Over the last months a lot of changes needed to be addressed. The script was intended to extract data from the IIS logs. With PowerShell in combination with LogParser it did a great job. But different versions of Exchange, changed infrastructure and multiple versions of Exchange ActiveSync protocol demanded an update to fulfill these needs.
The latest version focused on code improvement and added support for the new version of Exchange ActiveSync protocol v16.1 .
Currently I’m upgrading an Exchange 2013 environment to Exchange 2016. In general this upgrade runs very smoothly and is almost seemless for user. It’s a complete different story when you’re coming from Exchange 2010.
So far I got only positive feedback and no issue were reported. Until a bunch of shared mailbox have been migrated.
Users complained they cannot access these mailbox anymore. First I couldn’t reproduce the issue, until I got another important detail:
All these user are using Outlook for Mac and indeed I could reproduce the behavior.
In a previous post here, I wrote about a few basic commands, which are useful to quickly gather information about transport component of an Exchange server.
In this post I want to give you a deep dive about it and how you can explore what the CmdLet can do for you as it evolves in each Exchange version and can be very useful.
In the past month I had to troubleshoot a lot of EAS related issues. This is always a complex process and you as an administrator have to collect a lot of data and provide them to your vendors. After providing these, you often feels like a ping-pong ball. Especially when multiple vendors are involved.
Based on two examples I want to explain, how I was able to proof some misbehaviour of EAS clients. Meanwhile both have been acknowledged by the vendor as a bug:
With iOS 10 this feature can trigger a meeting forward to multiple recipients using SmartForward command.
When a user marks an item read or unread, the flag does not get synced to the mailbox.
For troubleshooting I used the following tools:
Every now and then I hear complaints about Free/Busy information retrieval issues. There are a lot of reasons for such issues, but the interesting part by these issues is that accessing the shared Calendar is not a problem. Only when users set up a meeting and using the Scheduling Assistant, they suddenly see only the beloved hash marks:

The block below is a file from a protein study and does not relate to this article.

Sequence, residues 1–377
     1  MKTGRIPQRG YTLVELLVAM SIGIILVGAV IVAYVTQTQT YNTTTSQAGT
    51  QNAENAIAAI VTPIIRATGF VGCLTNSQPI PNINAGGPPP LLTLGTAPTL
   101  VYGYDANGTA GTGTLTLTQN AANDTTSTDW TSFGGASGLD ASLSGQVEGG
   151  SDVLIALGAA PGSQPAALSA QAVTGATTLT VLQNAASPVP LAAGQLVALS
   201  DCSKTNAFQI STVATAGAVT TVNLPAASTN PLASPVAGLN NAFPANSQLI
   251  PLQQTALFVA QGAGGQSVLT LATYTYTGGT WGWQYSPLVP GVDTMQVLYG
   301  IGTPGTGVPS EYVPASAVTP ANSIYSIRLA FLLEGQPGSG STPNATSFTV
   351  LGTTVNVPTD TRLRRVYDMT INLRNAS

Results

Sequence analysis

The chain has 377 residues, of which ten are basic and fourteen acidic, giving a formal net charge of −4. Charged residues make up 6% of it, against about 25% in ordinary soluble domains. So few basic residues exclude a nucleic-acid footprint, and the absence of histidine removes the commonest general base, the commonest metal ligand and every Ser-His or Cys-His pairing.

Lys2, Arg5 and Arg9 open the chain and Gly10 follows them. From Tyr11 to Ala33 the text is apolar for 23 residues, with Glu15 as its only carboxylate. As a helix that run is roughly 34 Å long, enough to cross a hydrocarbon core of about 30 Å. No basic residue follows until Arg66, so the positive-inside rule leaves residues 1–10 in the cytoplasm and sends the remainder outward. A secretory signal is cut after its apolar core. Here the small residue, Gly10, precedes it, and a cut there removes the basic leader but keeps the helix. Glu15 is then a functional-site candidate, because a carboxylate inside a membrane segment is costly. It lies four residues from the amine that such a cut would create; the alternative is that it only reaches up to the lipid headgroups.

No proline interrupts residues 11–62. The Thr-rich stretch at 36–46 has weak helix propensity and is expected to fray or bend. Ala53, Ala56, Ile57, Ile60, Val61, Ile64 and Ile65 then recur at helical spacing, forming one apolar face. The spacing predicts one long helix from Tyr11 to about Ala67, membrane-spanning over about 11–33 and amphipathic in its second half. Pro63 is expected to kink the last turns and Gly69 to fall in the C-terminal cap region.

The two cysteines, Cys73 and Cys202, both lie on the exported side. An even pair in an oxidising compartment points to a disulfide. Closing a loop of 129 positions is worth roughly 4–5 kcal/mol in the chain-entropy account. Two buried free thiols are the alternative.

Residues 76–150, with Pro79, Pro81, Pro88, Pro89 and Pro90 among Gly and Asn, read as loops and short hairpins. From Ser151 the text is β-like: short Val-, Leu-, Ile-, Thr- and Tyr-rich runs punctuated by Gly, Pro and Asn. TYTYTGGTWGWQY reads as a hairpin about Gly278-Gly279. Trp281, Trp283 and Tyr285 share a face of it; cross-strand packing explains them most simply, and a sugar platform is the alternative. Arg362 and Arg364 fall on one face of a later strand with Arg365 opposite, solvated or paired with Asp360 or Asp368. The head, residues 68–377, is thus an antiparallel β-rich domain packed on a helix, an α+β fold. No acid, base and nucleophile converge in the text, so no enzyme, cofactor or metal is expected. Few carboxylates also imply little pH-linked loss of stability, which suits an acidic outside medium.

Using OWA the user was able to retrieve Free/Busy information using Scheduling Assistant.
And this happens usual to VIPs like the CEO or CIO. So I started troubleshooting with highest priority and found an easy fix.
A while ago we had a special request: For a dedicated AD site, only a subset of users should be able to access their mailbox with Outlook for Windows from outside the corporate network. My first thoughts were this is not possible. I wasn’t aware of any setting to limit Outlook Anywhere or MapiHttp external access on user base.
But we were told by a PFE that there is a way:
Combining MAPI over HTTP configurations and internal or external connections
There is always something new, you can learn!
We did some testing and the results were very promising. So we were able to fulfill the request.
But the description of Set-CASMailbox for the parameter MAPIBlockOutlookExternalConnectivity and the article doesn’t reflect all consequences and soon we received a lot of complains, reports about connectivity issues with devices and applications other than Outlook for Windows.
There are always issues with appointments, meeting requests and meeting series with delegates or mobile devices. Sometimes appointments disappear, got shifted or updates don’t make it to all involved parties.
In the past I opened a case with Microsoft and get these issues analyzed. But this is very time intensive and often the affected users are VIPs, which want to have as quick as possible a report about what happened.
I spent some time on this topic and I wrote about it here. I also wrote my script to pull all the relevant data from mailboxes in a way, which is much faster and has more capabilities. You can read more about this script here. This script was recently updated to translate the properties PidLidClientIntent and PidLidChangeHighlight in a human readable format. You can read more about it here.
In this post I will go through the history of a calendar item. There will be several changes and I will show what happened with each change. I know that this post has a lot of pictures, but to get an understanding what exactly happens, pictures are sometimes a better way to explain something.